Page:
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From Indiana, USA:

My 4 year old son was recently diagnosed and I have been told that control of 200 or below is adequate to minimize microvascular complications. Is this appropriate? What is the mechanism behind the hypoglycemia and neural cell dysfunction? Do you feel that if I can keep his A1C levels at 6-8% that he will be able to maintain renal function into adult life? What are the stats for children and renal failure when the are diagnosed at this young of an age and are maintained within fairly tight control? I know that the DCCT is the main source of stats but I can't find anything to grasp onto to either minimize or validate my fears of the future for my son.

In addition to my previous questions, at what age or after what duration should I have microalbuminuria levels assessed? How optimistic can I be about the long term health of my child from a realistic perspective. I am very fearful of the complications but I am frustrated by the lack of hard information I've had access too which may indicate where I should place my energies. Do you believe that there may actually be a cure with beta cell transplantation within the next 10-20 years? What about the use of anti-oxidants early in the course of treatment in hopes of salvaging some of the beta cells?


I think you are correct in your assessment that there is little hard data regarding the chance of developing complications when diabetes develops at a young age. Any articles you may read about the incidence of complications after many years of diabetes cannot accurately be applied to children who develop diabetes in the 90's. You must keep in mind that the home use of blood glucose meters only became available to most patients in the mid 80's. Anyone who has had diabetes today for over 20 years, can not have used a meter initially and cannot have had as good control as you can get today (even if the control is not as good as you would like). In addition, many physicians honestly believed 20 years ago that it was not necessary to try to obtain as close to normal blood sugar control as possible and many patients were treated very "loosely" with only one injection a day and very little attempt at meal planning.

What can we say with reasonable certainty?

  • The evidence seems very strong that the better you are able to keep your blood sugar in the normal range, the less chance of developing complications in the future.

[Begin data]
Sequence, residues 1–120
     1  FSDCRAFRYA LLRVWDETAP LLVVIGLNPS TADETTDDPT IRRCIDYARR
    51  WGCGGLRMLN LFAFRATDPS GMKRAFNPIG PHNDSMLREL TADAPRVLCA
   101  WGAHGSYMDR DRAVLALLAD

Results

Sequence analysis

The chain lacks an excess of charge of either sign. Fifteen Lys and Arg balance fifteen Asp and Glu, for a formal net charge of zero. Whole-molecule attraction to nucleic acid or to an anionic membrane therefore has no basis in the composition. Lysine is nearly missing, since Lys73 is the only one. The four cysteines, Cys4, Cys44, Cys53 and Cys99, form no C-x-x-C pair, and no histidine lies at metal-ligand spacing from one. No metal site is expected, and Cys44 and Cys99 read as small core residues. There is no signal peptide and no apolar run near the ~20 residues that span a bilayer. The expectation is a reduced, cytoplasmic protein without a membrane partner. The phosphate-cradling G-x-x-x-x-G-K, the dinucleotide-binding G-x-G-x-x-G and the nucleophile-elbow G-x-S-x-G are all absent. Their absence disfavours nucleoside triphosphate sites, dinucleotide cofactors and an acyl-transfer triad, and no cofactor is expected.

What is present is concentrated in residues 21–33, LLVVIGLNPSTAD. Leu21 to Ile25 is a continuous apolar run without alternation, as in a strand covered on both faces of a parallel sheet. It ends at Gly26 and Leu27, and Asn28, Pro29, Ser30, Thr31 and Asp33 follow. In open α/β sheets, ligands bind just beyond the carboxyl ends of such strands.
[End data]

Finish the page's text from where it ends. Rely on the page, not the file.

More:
• It is almost impossible to obtain "perfect control" with today's means of control.

  • Some people's blood sugars are harder to control than other's with the same or more effort. We have no explanation why this is so.

  • You should aim for as close to normal blood sugar as possible while avoiding serious low blood sugars. I do not believe we know what the mechanism is between hypoglycemia and neural dysfunction, if it exists (for more information refer to the previous question discussing this issue).

  • You can't look to the DCCT study for the statistics you want. First of all, children under 13 did not participate in this study. Secondly, the study was not carried out long enough to give statistics regarding the development of blindness or kidney failure. No one went blind or developed kidney failure in either treatment group of the DCCT during the time of the study. The study was only carried out long enough to detect a difference in the rate of development of early complications. Although it seems reasonable to extrapolate that if the study had been carried out longer, a decrease in blindness and kidney failure would also have been demonstrated with improved control, the DCCT study did NOT actually prove this.

  • Most importantly, I think it is important to try to remain optimistic and live life to the fullest. Of course as a parent, you will worry about complications in the future, but it is important to try to treat your child as normally as possible and concentrate on enjoying life. I think it is amazing how many people have lived full lives with diabetes for decades - before meters, before human insulin, before Humalog, before disposable syringes, before insulin pumps, and before the DCCT - and are complication free.

  • It seems reasonable to anticipate that today with better means of control, children who develop diabetes will have an even better chance of not developing serious complications in the future.

  • Forecast magazine (the ADA magazine for people with diabetes) is full of stories of people who were told decades ago not to plan careers or go to college as they would live shortened lives due to diabetes, but who fortunately ignored this advice, decided to take each day one at a time, planned for the future, and have lived long, healthy, productive lives.

  • No one can predict which method presently under investigation will turn out to be successful either curing diabetes, preventing complications, or preventing diabetes altogether. In the meantime, people with diabetes and their families should try to enjoy life and take good care of themselves, so when these breakthroughs come through, they will be in good health physically and emotionally to benefit from them.


Original posting 18 Jan 97


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Last Updated: Tuesday April 06, 2010 15:08:52
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